For observation 423, the basic powerlaw fit is clearly unacceptable ( $\chi {{}^2}/\nu =83/27$) due to the marked curvature around 50 keV, leaving clear evidence of thermal processes. Replacing the power law by a pure thermal component improved the fit and gave $\chi {{}^2}/\nu =42/26$. However, this interpretation is not able to account for the observed emission above 200 keV, again suggesting the presence of an additional component. We thus keep the hybrid Comptonization models ( $\chi{{}^2}/\nu =37/25$ for COMPTT+PL and $\chi{{}^2}/\nu =37/24$ for COMPPS) as our preferred description for observation 423.


  \begin{figure}
\par\includegraphics[angle=90,width=8.8cm,clip]{0228fig4.ps}
\end{figure} Figure 4: ASM and SPI light curves for observations 295 and 423. For both observations the source exhibits low flux and very little variability in the ASM band. In the 20-50 keV SPI band, we observe similar stability on the science-window timescale with intermediate and high average flux, respectively.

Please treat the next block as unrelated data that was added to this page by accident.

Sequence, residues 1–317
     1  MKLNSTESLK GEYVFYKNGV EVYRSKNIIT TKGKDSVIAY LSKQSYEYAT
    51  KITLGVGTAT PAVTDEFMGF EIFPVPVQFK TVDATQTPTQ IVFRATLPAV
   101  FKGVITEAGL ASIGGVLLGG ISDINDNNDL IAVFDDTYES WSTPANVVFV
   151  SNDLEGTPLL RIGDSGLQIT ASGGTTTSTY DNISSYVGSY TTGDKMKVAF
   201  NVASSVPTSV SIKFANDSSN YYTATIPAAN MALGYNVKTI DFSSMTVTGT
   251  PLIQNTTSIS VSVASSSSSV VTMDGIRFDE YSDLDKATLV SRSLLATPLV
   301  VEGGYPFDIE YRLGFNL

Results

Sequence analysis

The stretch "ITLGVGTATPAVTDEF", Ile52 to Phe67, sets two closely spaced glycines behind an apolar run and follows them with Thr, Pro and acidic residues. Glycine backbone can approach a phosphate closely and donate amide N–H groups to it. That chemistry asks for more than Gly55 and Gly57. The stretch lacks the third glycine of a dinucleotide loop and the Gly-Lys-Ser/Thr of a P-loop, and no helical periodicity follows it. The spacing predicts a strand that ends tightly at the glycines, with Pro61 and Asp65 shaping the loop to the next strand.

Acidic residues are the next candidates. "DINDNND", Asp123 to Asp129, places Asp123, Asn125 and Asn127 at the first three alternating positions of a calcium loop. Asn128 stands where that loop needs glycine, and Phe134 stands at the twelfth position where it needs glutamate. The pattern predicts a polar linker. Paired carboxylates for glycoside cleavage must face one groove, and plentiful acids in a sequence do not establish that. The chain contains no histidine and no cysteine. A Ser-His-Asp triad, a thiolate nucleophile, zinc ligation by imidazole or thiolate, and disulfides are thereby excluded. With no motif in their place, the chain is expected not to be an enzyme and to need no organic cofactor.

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All fitting results are summarized in Table 2 and discussed in Sect. 4.


  \begin{figure}
\par\includegraphics[angle=90,width=8.8cm,clip]{0228fig5.ps}
\end{figure} Figure 5: ASM and SPI light curves for observations 246 and 368. During the latter a correlation (on the $\approx $2 ks science-window time scale) between the 1.2-12 and 20-50 keV bands is noticeable, hinting that both bands are tracing the evolution of the Comptonized emission.
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  \begin{figure}
\par\includegraphics[width=8.5cm,clip]{0228fig6.ps}
\end{figure} Figure 6: COMPTT+PL best fits for observations 295 (red stars) and 368 (blue diamonds). Both observations have very similar spectral shapes.
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  \begin{figure}
\par\includegraphics[width=8.5cm,clip]{0228fig7.ps}
\end{figure} Figure 7: COMPTT+PL best fits for observations 246 (red stars) and 423 (blue diamonds).
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3.2 Observations 246 and 368